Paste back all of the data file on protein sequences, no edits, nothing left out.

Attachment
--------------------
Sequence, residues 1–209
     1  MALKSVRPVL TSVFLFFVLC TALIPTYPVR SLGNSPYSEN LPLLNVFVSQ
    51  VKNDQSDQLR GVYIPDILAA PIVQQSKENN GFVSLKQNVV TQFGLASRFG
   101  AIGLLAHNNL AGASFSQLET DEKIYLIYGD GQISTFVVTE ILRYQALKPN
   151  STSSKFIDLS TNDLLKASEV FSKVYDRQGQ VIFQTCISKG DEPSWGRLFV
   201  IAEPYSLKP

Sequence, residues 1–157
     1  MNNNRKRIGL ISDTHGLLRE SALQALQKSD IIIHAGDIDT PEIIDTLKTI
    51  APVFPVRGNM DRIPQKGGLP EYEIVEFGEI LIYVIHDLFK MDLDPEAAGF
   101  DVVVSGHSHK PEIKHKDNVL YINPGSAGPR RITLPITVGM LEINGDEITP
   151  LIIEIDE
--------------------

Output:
Sequence, residues 1–209
     1  MALKSVRPVL TSVFLFFVLC TALIPTYPVR SLGNSPYSEN LPLLNVFVSQ
    51  VKNDQSDQLR GVYIPDILAA PIVQQSKENN GFVSLKQNVV TQFGLASRFG
   101  AIGLLAHNNL AGASFSQLET DEKIYLIYGD GQISTFVVTE ILRYQALKPN
   151  STSSKFIDLS TNDLLKASEV FSKVYDRQGQ VIFQTCISKG DEPSWGRLFV
   201  IAEPYSLKP

Sequence, residues 1–157
     1  MNNNRKRIGL ISDTHGLLRE SALQALQKSD IIIHAGDIDT PEIIDTLKTI
    51  APVFPVRGNM DRIPQKGGLP EYEIVEFGEI LIYVIHDLFK MDLDPEAAGF
   101  DVVVSGHSHK PEIKHKDNVL YINPGSAGPR RITLPITVGM LEINGDEITP
   151  LIIEIDE